New laws aim to get California community college students to graduation faster

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By Uma Mazar, Staff Editor

Two pieces of legislation signed recently by Gov. Gavin Newsom aim to increase graduation or transfer rates and cancel student debt for students at California community colleges.

One bill recently signed into law is AB 1958, which allows colleges to use extra funds to offer debt cancellation to encourage students to enroll or re-enroll at community colleges.

This bill was made to encourage more people to go or return to school after the number of enrollments dropped during the pandemic. According to the National Student Clearinghouse, the number of undergraduate students attending college has decreased across the country by 5.1% since the fall of 2019.

“California is increasing resources, adding services, and advancing equity to boost graduation and transfer rates throughout our higher education systems,” said Gov. Gavin Newsom in a press release about the bill’s passage. “Thanks to the Legislature’s leadership, we’re building on my Administration’s efforts to ensure all of our students are well-equipped to succeed and prepared for California’s future.”

According to the bill analysis, some of the significant provisions AB 1958 are: 

  • It allows the chancellor of California Community Colleges to distribute funds from the Community College Student Access, Retention, and Debt Cancellation Program (CCSARDCP) to support efforts to increase community colleges’ recruitment and retention rates. These efforts aim to engage with students who previously left or are hesitant to enroll because of the COVID–19 pandemic.
  • The amendment allows a community college district to distribute funds from the CCSARDCP to the colleges that have experienced the most significant drops in enrollment due to the pandemic.
  • Community college districts can use the funds to encourage students to enroll in their schools and settle accumulated debts. They can also use the funds to forgive unpaid balances.

Another bill Newsom signed recently AB 1705. The law will require high school transcript data to be used as the primary means of determining the placement of students in transfer-level math and English courses instead of placement tests. It also requires self-reported information to be used if there are issues with using transcripts.

The bill would prohibit community colleges from requiring students who have graduated high school or have a General Education Diploma to take pre-transfer or remedial courses in math and English except under certain circumstances.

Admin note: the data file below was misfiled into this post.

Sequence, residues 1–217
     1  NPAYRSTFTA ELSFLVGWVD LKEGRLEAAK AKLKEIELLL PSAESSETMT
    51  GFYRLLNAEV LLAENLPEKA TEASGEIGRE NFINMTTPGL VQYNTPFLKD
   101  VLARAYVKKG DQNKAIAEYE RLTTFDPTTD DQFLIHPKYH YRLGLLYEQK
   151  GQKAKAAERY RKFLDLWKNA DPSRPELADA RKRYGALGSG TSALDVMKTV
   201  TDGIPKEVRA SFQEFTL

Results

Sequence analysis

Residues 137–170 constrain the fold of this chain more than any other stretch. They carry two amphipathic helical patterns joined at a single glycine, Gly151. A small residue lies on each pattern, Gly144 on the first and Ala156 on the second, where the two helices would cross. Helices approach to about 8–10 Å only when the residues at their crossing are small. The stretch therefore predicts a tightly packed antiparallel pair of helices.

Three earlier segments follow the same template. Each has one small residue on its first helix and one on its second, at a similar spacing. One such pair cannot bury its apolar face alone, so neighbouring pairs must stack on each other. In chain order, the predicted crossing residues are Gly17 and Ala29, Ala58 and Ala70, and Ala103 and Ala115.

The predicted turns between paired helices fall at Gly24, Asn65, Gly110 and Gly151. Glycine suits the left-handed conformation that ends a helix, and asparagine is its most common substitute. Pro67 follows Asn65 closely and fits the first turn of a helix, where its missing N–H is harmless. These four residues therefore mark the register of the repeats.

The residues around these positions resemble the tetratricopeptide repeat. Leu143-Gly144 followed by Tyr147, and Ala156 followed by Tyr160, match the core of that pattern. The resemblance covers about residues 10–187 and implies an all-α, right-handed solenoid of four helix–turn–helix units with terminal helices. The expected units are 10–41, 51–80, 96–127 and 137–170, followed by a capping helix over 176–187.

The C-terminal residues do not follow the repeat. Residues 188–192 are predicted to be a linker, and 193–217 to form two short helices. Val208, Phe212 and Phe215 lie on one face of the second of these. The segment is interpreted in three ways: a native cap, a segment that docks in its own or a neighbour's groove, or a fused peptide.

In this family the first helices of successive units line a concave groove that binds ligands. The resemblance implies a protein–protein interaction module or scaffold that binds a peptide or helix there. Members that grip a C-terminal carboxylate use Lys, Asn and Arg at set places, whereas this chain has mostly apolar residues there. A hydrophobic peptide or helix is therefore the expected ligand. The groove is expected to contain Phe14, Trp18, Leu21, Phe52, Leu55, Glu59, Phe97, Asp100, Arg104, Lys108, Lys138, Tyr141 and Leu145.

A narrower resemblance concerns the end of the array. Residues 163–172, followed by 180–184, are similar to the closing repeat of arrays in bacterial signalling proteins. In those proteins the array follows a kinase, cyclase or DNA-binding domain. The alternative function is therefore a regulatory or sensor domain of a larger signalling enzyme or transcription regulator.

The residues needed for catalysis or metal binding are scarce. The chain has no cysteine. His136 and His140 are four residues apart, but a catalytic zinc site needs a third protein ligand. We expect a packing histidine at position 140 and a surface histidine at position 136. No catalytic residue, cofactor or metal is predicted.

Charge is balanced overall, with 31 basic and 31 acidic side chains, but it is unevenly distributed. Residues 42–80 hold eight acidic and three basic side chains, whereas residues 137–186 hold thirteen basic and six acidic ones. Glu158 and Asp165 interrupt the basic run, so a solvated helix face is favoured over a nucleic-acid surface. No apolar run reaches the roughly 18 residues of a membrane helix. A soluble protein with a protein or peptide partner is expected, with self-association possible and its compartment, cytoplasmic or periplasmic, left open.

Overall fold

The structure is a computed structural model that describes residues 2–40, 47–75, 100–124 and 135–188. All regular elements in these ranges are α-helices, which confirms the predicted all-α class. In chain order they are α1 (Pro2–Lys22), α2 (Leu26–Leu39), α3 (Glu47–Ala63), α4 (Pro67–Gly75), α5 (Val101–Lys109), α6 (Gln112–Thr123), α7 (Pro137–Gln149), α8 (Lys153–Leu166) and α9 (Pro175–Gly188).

Students enrolled in programs that require quantitative reasoning and writing communication must complete the necessary transfer-level math and English in the first year of college.

In other words, community colleges must enroll students in specific math and English courses where the majority have a good chance of meeting their transfer requirements. The goal – according to the law’s proponents – is to help students get through school more quickly. It also prohibits requiring students to repeat English and math classes that they took in high school.

By July 1, 2023, community colleges must enroll students in math or English transfer programs that meet their associate or certificate degree requirements. The student’s major must also approve these programs to ensure that the benefit of the coursework is reflected in their final degree.

By July 2025, community colleges must evaluate the effects of placing students in transfer-level courses that prepare them for the first major course in a science, technology, engineering, or mathematics major. These courses must be at most two and must be designed to meet the prerequisites for the first major course.

It is uncertain if this new legislation will increase the number of people enrolling or going back to school, but some students indicate it could inspire them to enroll.

In an interview, Contra Costa College student Maria Plaza stated that she was hesitant to enroll in college because she did not want to retake classes she took in high school.

“It is unnecessary and not encouraging for me to take classes that I already took and don’t necessarily need, so this new bill is needed and a great idea. I am confident this will motivate more people to go to school,” Plaza said.

The bill has drawn opposition from the California Federation of Teachers.

“This bill would limit the ability of students to select the courses that align with their academic goals and limits the information available to students regarding specific course offerings,” the federation wrote in a memo to the California Assembly. “It is important to ensure that community college students with a goal of transfer are not required to take courses they do not need while also increasing resources for students to ultimately be successful in reaching those goals. However, AB 1705 creates new barriers and restrictions that will have significant negative consequences.”